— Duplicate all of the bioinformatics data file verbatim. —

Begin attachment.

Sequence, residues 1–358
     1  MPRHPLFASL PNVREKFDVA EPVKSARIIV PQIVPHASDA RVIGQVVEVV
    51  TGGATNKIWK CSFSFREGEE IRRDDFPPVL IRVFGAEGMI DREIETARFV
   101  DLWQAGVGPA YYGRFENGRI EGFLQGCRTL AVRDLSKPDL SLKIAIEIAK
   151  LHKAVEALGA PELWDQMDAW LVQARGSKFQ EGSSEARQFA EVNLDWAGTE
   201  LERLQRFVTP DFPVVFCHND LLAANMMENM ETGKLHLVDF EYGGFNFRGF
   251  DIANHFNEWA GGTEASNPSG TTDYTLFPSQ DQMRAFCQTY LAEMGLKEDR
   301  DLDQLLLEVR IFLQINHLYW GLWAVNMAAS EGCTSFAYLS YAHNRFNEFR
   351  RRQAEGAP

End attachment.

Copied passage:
Sequence, residues 1–358
     1  MPRHPLFASL PNVREKFDVA EPVKSARIIV PQIVPHASDA RVIGQVVEVV
    51  TGGATNKIWK CSFSFREGEE IRRDDFPPVL IRVFGAEGMI DREIETARFV
   101  DLWQAGVGPA YYGRFENGRI EGFLQGCRTL AVRDLSKPDL SLKIAIEIAK
   151  LHKAVEALGA PELWDQMDAW LVQARGSKFQ EGSSEARQFA EVNLDWAGTE
   201  LERLQRFVTP DFPVVFCHND LLAANMMENM ETGKLHLVDF EYGGFNFRGF
   251  DIANHFNEWA GGTEASNPSG TTDYTLFPSQ DQMRAFCQTY LAEMGLKEDR
   301  DLDQLLLEVR IFLQINHLYW GLWAVNMAAS EGCTSFAYLS YAHNRFNEFR
   351  RRQAEGAP